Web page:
Golden-backed Squirrel Monkey (Saimiri ustus)


MORPHOLOGY:
The golden-backed squirrel monkey has a short digestive tract indicative of insectivory. The cheek teeth have large cusps assists the golden-backed squirrel monkey in eating insects (Fleagle, 1988). Males have longer canines than the females (Fleagle, 1988). The tail of the golden-backed squirrel monkey is prehensile in infants but the adults lose this ability. The body has a long trunk and hindlimbs and also possesses a long tail (Fleagle, 1988).

RANGE:


ECOLOGY:
The golden-backed squirrel monkey is considered both frugivorous and insectivorous, preferring berry-like fruit on terminal branches. They also forage for molluscs, and small vertebrates, such as tree frogs. They obtain a majority of water from the foods eaten, and will also obtain water from holes in trees and puddles on the ground. This species is arboreal and diurnal.

LOCOMOTION:
The golden-backed squirrel monkey travels through the forest quadrupedally on the branches and leaps when it moves in the lower stories of the forest (Fleagle, 1988). This species uses quadrupedal positions when it feeds (Fleagle, 1988).

SOCIAL BEHAVIOR:
In the golden-backed squirrel monkey groups females form alliances with other females, and there exists a dominance hierarchy amongst the females of the group (Kinzey, 1997). Social interactions are centered around a group of dominant females, much like some prosimian species (Fleagle, 1988). The males of this species disperse and the females are philopatric (Kinzey, 1997). The males form all male groups (Kinzey, 1997). A dominant male usually monopolizes most of the copulations during the breeding season (Kinzey, 1997). The young are cared for by other females as well as the mother, but not by any males (Fleagle, 1988).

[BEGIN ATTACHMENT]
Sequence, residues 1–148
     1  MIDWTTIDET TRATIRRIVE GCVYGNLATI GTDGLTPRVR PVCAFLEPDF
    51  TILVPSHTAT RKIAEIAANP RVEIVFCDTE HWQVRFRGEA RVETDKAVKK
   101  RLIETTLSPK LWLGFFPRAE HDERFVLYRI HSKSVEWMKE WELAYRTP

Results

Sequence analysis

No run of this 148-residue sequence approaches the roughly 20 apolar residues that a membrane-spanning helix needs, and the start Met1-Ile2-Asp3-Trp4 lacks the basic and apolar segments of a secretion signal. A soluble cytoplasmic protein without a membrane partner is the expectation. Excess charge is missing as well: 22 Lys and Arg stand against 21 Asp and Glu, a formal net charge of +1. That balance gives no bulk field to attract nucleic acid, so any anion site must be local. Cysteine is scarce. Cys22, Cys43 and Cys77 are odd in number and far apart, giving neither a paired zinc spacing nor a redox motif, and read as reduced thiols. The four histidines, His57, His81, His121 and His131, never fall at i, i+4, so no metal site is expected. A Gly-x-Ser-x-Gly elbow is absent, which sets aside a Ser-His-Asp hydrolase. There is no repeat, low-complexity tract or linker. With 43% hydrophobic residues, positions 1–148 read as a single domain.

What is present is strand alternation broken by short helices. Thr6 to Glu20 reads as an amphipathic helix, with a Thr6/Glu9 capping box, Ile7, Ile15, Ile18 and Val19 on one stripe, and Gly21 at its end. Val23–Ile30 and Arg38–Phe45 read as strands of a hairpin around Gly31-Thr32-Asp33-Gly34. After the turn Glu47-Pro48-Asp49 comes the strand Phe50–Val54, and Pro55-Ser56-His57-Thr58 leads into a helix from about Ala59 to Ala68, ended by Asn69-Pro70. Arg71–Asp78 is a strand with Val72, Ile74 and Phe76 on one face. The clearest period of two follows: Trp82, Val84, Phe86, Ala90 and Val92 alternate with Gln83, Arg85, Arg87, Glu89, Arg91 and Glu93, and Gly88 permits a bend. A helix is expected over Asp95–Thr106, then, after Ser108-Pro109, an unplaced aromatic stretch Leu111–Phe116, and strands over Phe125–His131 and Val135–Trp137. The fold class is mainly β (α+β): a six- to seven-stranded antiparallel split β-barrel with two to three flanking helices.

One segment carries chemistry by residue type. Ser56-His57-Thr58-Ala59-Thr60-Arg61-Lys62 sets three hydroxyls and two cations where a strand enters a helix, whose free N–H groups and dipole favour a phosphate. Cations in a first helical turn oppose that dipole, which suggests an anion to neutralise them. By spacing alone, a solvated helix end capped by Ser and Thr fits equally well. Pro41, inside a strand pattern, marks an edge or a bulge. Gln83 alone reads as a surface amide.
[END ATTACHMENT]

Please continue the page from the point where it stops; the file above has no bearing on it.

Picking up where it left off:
VOCAL COMMUNICATION:


OLFACTORY COMMUNICATION:
urine-wash: This is when a golden-backed squirrel monkey will spread urine on the bottoms of the hands and feet. Then when the individual walks, the urine is spread upon the substrate. It is used to spread olfactory cues.

VISUAL COMMUNICATION:
penile display: This when a male golden-backed squirrel monkey places his hand on the back of another male, then turns the leg and thigh out so that the male can see his erect penis. This display is used to maintain dominance. The dominant male sometimes thrusts his penis at the other male, and even will urinate on the subordinate male.

TACTILE COMMUNICATION:

REPRODUCTION:
The golden-backed squirrel monkey gives birth to a single offspring.

REFERENCES:
Fleagle, J. G. 1988. Primate Adaptation and Evolution. Academic Press.

Kinzey, W.G. 1997. Saimiri. in New World Primates: Ecology, Evolution, and Behavior. ed. Warren G. Kinzey, Aldine de Gruyter, New York.

Last Updated: May 11, 2007.
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